Natural Gas Could Spur Israel-Lebanon War

Published: July 27th 2010
in News » Israel

A natural gas field

Large natural gas reserves have recently been discovered beneath the eastern Mediterranean, which could potentially mean a substantial economic boost for both Israel and Lebanon, both of which are lacking in the natural resource department.


The countries will only benefit, however, if they can arrive at a mutually beneficial agreement about the gas reserve – otherwise, some fear new disputes, or even war, could emerge.


Hezbollah has already warned that Israel plans to steal natural gas from Lebanese territory, and has said it vows to defend the resources using force. Israel, however, claims the portion it is currently developing does not extend into Lebanese waters, which, according to experts, appears to be correct.


The maritime boundary between the two countries, however, which are officially still at war, has never been specifically set.


"Lebanon's need for the resistance has doubled today in light of Israeli threats to steal Lebanon's oil wealth," Hezbollah's Executive Council chief Hashem Safieddine said last month. The need to protect the offshore resources "pushes us in the future to strengthen the resistance's capabilities."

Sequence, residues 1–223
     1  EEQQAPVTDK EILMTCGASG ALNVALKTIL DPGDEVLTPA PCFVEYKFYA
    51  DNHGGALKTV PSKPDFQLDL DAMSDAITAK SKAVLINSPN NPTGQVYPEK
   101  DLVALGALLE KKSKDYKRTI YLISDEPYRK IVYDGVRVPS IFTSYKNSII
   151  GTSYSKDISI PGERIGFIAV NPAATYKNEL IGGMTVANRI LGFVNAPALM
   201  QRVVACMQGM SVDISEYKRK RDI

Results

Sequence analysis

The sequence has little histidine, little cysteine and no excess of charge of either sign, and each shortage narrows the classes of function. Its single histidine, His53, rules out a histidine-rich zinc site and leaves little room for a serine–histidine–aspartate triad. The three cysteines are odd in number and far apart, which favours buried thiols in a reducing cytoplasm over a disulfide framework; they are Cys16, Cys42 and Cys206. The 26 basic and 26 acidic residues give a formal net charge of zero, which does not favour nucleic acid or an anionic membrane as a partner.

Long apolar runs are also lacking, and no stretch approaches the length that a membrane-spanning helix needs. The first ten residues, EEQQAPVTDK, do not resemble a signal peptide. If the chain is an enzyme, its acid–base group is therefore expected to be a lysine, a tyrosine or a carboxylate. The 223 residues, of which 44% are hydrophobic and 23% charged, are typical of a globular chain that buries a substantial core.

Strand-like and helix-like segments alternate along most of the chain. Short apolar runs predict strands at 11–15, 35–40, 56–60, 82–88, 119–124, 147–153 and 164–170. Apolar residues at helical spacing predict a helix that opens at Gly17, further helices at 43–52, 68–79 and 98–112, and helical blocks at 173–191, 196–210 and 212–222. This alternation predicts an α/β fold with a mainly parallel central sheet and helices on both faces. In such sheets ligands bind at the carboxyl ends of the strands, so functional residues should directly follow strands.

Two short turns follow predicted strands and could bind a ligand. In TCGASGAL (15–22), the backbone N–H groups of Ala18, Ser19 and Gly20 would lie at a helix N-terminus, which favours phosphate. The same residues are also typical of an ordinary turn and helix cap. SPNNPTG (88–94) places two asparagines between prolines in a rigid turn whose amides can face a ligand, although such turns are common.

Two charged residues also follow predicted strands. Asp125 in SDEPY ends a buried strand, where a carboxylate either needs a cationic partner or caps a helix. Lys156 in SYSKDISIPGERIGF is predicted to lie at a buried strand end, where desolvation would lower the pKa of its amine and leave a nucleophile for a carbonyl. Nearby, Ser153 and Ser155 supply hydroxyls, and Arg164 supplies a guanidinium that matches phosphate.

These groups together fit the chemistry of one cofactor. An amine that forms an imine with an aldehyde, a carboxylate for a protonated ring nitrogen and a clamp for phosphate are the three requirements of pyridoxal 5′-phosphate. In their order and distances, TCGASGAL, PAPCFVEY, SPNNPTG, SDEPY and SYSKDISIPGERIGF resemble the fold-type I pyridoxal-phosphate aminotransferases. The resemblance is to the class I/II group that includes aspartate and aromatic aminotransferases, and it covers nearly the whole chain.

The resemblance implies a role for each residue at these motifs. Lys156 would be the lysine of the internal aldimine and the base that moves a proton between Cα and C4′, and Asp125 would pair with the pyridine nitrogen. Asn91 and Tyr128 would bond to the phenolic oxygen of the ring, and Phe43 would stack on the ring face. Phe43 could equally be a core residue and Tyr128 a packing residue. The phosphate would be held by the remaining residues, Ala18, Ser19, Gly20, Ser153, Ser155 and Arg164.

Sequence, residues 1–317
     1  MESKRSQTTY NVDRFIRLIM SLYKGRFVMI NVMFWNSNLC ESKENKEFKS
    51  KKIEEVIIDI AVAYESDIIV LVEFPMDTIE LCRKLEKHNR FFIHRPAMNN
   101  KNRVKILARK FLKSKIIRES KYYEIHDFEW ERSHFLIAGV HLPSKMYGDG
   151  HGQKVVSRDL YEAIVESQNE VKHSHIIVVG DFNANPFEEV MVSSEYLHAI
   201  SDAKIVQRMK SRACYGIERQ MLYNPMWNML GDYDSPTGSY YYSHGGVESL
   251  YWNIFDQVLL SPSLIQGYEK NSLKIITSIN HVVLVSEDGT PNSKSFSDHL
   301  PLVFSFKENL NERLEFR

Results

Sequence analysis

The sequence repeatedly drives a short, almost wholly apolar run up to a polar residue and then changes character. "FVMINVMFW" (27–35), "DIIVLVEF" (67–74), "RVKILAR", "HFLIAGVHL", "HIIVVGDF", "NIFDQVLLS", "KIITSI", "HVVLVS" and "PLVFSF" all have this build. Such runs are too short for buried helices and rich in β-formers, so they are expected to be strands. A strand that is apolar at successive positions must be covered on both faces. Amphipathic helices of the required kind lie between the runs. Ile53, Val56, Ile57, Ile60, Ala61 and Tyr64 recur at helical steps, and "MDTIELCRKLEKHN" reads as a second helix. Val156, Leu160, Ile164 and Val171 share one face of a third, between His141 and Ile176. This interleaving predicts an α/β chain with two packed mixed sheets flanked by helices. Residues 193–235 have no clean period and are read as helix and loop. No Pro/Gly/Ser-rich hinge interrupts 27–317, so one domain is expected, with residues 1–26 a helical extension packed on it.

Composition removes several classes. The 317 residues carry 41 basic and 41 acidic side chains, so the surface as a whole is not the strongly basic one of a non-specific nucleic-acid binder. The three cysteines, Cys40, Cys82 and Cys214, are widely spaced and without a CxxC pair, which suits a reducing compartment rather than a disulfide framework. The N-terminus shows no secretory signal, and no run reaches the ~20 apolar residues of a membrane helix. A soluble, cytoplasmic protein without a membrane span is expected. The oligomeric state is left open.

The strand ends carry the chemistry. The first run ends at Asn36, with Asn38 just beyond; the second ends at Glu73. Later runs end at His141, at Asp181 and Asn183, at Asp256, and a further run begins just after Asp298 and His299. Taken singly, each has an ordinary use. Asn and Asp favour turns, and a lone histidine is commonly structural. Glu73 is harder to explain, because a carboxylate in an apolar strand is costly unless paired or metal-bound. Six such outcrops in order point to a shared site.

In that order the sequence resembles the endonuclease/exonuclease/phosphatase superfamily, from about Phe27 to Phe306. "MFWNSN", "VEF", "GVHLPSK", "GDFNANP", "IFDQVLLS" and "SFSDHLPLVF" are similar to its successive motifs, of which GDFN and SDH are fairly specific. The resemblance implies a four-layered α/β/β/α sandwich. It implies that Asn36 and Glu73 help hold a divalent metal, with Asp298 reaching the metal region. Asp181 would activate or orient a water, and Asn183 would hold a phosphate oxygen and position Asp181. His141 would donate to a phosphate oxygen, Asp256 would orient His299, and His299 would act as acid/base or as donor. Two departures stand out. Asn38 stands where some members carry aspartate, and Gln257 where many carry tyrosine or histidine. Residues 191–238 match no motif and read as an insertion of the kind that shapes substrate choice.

Apparently, Israel is substantially ahead in the race to develop the natural gas. Two fields, Tamar and Dalit, discovered last year, are due to start producing in 2012, and according to Associated Press, experts say their estimated combined reserves of 5.5 trillion cubic feet (160 billion cubic meters) of natural gas can cover Israel's energy needs for the next twenty years.


Israel currently relies exclusively on imports to meet its energy requirements, and spends billions to bring natural gas from Egypt and coal from various other countries. So simply releasing Israel from this dependence would have a hugely positive impact.


Lebanese parliament speaker Nabih Berri, however, a Hezbollah ally, warned that Israel is "turning into an oil emirate while ignoring the fact that the field extends, according to the maps, into Lebanon's territorial waters."


Israel's Petroleum and Mining commissioner Yaakov Mimran, however, called these claims "nonsense," saying the fields who are currently developing the reserves are all within Israel's economic zone.


This tension is particularly worrisome, as Israel and Hezbollah continue to accuse each other of intending to incite a new conflict, ever since the 2006 war.

Related articles: (natural gas, Lebanon war, fuel, Mediterranean)
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